Last year a good friend of mine began to tell me about this issue which we were having here in Texas regarding burros. I had never even considered that these animals could be causing a problem in the state, but it turns out that they are. In light of this, and as I found out more on the subject, I began to make a small donation each month to the fabulous. What this organization does is help to basically rid the state of burros, by taking them into captivity and stopping them from causing issues.
Because these animals are not from the state, they are messing up so many eco-systems and causing a huge problems to both plants and wildlife. Since I have been giving to this organization however, I have learned an awful lot about these creature, check it out.
What is a Burro?
Prior to working with the International Society for the Protection of Mustangs and Burros I honestly thought that a burro was just a donkey. As it happens, this is technically true, yet we use the word burro to describe donkeys which are wild. And so essentially they are the same animal, yet a donkey is where it should be, and a burro ain’t.
How Much Do They Weigh?
The answer to this question of course factors in both burros and donkeys, given that they are one in the same animal, no matter how they may happen to behave. Generally speaking these animals can grow as high as 125 centimeters. This of course changes somewhat for donkeys, not because of their chemical makeup but rather because they often have a much greater involvement with humans, who will feed them more, and different foods.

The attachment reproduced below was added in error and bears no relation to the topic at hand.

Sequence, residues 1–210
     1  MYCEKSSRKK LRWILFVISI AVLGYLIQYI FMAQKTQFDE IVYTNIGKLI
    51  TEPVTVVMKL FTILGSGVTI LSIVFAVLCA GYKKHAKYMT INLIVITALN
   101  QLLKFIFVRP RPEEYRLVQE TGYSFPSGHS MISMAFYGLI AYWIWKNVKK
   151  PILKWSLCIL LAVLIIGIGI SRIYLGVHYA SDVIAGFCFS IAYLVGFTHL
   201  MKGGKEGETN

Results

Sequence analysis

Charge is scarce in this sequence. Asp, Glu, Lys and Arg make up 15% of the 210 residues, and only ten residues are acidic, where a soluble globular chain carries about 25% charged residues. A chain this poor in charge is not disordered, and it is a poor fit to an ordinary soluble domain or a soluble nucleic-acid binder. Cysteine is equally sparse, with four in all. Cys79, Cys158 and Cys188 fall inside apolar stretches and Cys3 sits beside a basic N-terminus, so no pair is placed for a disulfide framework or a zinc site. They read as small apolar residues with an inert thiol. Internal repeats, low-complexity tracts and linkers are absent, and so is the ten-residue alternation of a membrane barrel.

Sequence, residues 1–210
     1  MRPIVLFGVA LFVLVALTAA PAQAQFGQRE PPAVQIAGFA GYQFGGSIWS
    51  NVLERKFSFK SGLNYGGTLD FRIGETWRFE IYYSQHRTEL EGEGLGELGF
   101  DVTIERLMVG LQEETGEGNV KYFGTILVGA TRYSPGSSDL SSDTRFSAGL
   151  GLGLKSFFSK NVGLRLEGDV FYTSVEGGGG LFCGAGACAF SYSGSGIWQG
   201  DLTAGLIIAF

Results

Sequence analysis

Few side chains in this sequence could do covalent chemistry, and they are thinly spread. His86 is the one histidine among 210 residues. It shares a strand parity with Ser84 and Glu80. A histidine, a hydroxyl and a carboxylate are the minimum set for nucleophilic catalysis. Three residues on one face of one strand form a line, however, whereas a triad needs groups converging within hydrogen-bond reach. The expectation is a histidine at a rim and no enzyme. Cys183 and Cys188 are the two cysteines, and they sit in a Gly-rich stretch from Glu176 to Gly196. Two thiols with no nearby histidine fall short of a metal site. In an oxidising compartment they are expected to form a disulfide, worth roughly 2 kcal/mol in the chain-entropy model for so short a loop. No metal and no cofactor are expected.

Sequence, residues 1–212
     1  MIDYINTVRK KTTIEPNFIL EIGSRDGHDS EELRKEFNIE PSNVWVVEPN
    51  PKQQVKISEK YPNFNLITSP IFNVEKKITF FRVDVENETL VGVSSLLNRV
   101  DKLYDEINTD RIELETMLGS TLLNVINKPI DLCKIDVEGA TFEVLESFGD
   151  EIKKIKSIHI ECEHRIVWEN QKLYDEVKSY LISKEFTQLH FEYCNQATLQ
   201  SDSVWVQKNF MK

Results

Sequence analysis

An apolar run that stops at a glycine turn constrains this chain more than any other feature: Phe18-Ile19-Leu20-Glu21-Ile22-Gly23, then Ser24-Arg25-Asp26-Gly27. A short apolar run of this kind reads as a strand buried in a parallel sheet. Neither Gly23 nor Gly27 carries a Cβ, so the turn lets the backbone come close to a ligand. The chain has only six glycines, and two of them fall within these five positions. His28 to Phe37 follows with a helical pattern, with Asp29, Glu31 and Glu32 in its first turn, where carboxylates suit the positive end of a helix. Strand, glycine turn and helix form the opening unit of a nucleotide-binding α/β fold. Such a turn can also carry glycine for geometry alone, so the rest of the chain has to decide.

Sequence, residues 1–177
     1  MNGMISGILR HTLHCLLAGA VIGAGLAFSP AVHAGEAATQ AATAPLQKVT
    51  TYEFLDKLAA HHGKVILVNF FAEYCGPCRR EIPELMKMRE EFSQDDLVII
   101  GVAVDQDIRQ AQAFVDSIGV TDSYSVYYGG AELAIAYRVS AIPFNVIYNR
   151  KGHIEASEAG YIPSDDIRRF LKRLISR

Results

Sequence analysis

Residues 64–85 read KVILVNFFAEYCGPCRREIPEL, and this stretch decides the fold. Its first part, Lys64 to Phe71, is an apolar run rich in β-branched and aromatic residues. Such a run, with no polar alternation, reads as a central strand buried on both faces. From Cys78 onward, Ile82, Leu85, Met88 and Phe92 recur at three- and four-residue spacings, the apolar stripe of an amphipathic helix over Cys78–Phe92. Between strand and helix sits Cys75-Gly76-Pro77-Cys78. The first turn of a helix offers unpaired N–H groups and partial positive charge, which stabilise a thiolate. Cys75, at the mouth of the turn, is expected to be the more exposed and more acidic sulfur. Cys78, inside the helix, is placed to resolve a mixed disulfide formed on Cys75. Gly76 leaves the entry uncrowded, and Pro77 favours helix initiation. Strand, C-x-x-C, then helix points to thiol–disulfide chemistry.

In terms of the weight of the burro, generally speaking we are looking at a weight range between 400-550 lbs. Once again we have to factor in those donkeys which live with humans and which have a steady and very dependable source of food coming in. Additionally those which are not living in the wild will burn less calories as they will wander far less in search of food.
How Much Do They Eat?
Burros will generally eat a very basic diet of grass, although they are known to eat a shrub when things get a little bit more difficult. Incredibly these animals will go through around 2720kg of food each and every year, according to the Global Invasive Species Database. Fascinatingly these animals actually have the ability to utilize 95% of all the food which they consume, making sure that they take almost every nutrient out of that food which they will use as they wander through the plains.
And so sadly burros do cause us an issue here in Texas but there is much good work being done to ensure that this becomes a thing of the past.